The art is whimsical, a collage of words, cartoon-like faces (with their mouths open and their teeth showing), ink stamps and magazine cut-outs.
On a scrap of cardboard from a Pampers diapers box, he has written in red ink: “Entropy and chaos are simply order and coherence in disguise.” On another piece, “Go Own an Oldsmobile” And on yet another, repetitions of the phrase: “Warhol’s Ghost left for the coast, with Rauschenberg and Jasper John and me.”
“Jon’s art is unique, highly symbolic, full of energy and different emotions,” says Suzanne Segalas, Sarkin’s art agent. “Jon really wants to engage the viewer, to speak to him, to challenge him on a visual and emotional level.”
Sometimes the art will include words that morph into others, such as, “splash,” which becomes “syphilis blues,” which becomes “systemic turmoils,” or strange juxtapositions of words, such as “Samurai concatenation,” or simply plays on words, “The Prints of Whales.”
It’s as if , for Sarkin, art is an experiment in living, an attempt to interpret — or reinterpret — the most basic sounds and images of the world. As if, in some way, the stroke victim was still in a process of recovery, grappling with reality and playfully trying to make sense of it all. Not through the past, but through the moment, the here and now. If he is anything, Sarkin is a man anchored to the present.
“I was thinking today that life should be about the experiencing of one’s life, not the meaning,” says Sarkin. “Bob Dylan once made a documentary “Don’t Look Back.” I don’t. It’s a completely moot point. That question (about looking back) doesn’t compute for me.”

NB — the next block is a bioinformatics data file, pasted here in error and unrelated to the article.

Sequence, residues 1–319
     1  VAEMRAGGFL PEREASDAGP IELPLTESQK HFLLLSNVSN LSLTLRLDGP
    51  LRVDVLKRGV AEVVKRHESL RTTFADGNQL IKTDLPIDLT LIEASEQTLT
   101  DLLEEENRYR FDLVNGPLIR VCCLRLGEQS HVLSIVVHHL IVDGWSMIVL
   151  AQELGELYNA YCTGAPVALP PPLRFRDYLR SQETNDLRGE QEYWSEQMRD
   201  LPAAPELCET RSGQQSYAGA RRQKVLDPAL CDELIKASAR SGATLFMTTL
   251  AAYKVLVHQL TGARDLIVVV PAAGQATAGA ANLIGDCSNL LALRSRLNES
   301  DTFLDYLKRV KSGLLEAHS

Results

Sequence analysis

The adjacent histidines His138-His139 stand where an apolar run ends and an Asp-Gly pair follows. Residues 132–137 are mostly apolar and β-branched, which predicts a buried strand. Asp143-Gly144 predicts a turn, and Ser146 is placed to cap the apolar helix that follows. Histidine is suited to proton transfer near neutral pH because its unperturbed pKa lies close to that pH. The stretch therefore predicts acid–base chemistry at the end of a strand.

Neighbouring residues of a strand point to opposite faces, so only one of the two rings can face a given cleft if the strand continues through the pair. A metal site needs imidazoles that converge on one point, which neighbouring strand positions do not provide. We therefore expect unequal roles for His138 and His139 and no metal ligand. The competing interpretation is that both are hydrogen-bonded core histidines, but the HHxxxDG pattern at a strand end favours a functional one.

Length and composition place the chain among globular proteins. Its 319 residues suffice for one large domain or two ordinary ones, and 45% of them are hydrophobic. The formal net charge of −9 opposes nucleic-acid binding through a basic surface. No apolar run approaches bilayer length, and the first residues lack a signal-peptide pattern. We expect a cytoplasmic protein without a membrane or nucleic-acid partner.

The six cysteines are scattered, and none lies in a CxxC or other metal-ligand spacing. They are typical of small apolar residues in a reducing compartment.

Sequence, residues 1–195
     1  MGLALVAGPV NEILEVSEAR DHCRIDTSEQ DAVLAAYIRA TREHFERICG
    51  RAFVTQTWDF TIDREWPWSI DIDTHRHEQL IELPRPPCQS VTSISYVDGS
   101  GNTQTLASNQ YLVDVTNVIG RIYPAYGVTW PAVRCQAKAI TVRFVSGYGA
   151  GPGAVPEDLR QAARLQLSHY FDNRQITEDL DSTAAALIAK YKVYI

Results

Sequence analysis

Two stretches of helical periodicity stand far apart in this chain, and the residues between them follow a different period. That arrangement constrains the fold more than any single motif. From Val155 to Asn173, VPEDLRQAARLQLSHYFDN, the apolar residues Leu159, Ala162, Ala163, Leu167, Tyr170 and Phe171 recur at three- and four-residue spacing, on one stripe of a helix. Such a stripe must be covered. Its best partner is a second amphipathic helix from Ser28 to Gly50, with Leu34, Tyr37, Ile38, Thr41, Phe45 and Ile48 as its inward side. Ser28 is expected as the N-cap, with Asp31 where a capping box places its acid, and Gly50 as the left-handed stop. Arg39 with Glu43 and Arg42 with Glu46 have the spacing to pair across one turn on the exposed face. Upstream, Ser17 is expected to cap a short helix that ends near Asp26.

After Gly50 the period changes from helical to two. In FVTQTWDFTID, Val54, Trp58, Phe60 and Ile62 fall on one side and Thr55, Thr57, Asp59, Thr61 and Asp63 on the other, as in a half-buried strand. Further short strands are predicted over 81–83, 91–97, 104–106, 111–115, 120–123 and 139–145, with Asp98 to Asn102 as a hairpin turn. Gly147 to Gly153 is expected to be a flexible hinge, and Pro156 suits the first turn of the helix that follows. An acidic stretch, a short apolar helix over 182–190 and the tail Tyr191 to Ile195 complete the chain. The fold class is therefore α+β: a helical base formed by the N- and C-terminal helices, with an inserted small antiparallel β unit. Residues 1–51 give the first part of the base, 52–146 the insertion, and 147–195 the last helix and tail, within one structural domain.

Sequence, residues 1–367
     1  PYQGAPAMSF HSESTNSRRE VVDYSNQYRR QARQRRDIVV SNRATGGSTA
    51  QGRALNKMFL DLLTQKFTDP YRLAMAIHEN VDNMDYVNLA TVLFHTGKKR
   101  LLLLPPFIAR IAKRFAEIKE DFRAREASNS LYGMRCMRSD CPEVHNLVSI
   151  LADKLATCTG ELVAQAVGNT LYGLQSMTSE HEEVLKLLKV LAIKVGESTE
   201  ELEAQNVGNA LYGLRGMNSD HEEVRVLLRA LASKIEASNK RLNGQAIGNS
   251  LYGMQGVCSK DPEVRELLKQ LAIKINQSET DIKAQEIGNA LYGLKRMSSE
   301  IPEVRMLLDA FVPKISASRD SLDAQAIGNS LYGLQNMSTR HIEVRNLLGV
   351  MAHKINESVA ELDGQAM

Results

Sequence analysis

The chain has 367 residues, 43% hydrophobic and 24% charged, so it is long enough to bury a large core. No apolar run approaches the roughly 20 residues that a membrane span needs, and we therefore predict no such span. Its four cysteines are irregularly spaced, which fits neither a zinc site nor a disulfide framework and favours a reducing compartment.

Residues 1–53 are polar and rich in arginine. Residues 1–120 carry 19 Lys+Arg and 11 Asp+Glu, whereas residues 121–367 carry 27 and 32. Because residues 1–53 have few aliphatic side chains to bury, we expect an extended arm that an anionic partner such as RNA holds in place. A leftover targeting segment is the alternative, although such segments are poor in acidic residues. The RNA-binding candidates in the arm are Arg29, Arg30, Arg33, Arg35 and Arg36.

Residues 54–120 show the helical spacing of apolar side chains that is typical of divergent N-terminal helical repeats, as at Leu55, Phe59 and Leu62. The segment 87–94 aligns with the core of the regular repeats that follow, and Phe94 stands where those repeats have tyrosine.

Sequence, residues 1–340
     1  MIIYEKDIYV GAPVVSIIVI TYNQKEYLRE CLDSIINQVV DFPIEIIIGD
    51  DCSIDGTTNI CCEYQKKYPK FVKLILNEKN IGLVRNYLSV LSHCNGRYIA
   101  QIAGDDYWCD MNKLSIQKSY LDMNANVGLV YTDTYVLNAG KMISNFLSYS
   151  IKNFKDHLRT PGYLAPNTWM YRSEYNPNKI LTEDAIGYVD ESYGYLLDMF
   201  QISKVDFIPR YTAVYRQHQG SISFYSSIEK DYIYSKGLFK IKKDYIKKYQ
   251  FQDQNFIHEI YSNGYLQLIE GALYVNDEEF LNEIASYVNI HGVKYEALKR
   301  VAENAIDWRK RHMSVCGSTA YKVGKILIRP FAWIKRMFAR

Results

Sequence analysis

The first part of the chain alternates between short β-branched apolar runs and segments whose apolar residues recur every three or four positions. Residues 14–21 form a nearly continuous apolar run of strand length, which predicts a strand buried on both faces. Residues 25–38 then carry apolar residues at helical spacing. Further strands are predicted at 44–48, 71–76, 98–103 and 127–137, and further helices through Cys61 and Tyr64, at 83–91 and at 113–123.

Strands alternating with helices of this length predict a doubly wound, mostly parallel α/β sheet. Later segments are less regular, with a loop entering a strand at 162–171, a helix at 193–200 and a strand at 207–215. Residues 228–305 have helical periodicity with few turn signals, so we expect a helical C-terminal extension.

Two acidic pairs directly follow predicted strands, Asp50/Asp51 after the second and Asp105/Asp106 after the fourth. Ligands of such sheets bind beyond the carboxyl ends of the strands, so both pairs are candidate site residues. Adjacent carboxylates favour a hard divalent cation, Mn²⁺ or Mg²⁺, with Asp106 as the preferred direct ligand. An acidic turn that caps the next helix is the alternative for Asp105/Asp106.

Nor does looking forward, which is why, he says, the idea of death is something he does not dread: “I find it no more strange to think about dying than to think about what you’re going to wear in the morning. The closer your grip on the present, the better. Approaching the reality of life is not for the meek.”
After an article about Sarkin appeared in GQ magazine in 1997, Tom Cruise optioned his story for a possible film. Last month, Paramount, which includes Cruise’s own production company, bought the rights to Sarkin’s life story outright.
Sarkin does not like to talk about the man he used to be. That his wife has stayed with him through everything (she did not want to be interviewed for this article), he considers a minor miracle.
Nor can medical science tell him how a stroke and a lack of oxygen to his brain resulted in this passion and creative talent.
Todd Feinberg, a neurologist at Beth Israel Medical Center in New York and the author of “Altered Egos: How the Brain Creates the Self,” has met Sarkin and studied his brain scans.
“What happened to him is kind of a mystery, a clinical mystery,” says Feinberg. “Although his scans only showed that the cerebellum was removed, they didn’t reveal that there was cortical damage, you know, damage to the portions of the brain that would really reveal why he had such a dramatic alteration in his personality. Because he was no longer himself. He literally was a different person.”
That person is still a work in progress. Sarkin’s need to create, and the obsessive quality of his creations, are testimony to that, to his never-resting mind, which continues to shape and re-shape the world around him. The imperfect, said the poet Wallace Stevens, is “hot in us.” But it is also “our paradise.”
Jon Sarkin would seem to agree:
“We work in the dark, we do what we can. Our doubt is our passion.”
NOTE: Jon Sarkin’s art (along with that of Hamilton South) can be seen at the Diane von Furstenberg Studio, 389 West 12th Street, New York, today from 11 a.m.- 7 p.m., Saturday, from 11-6 and Sunday, 12-5.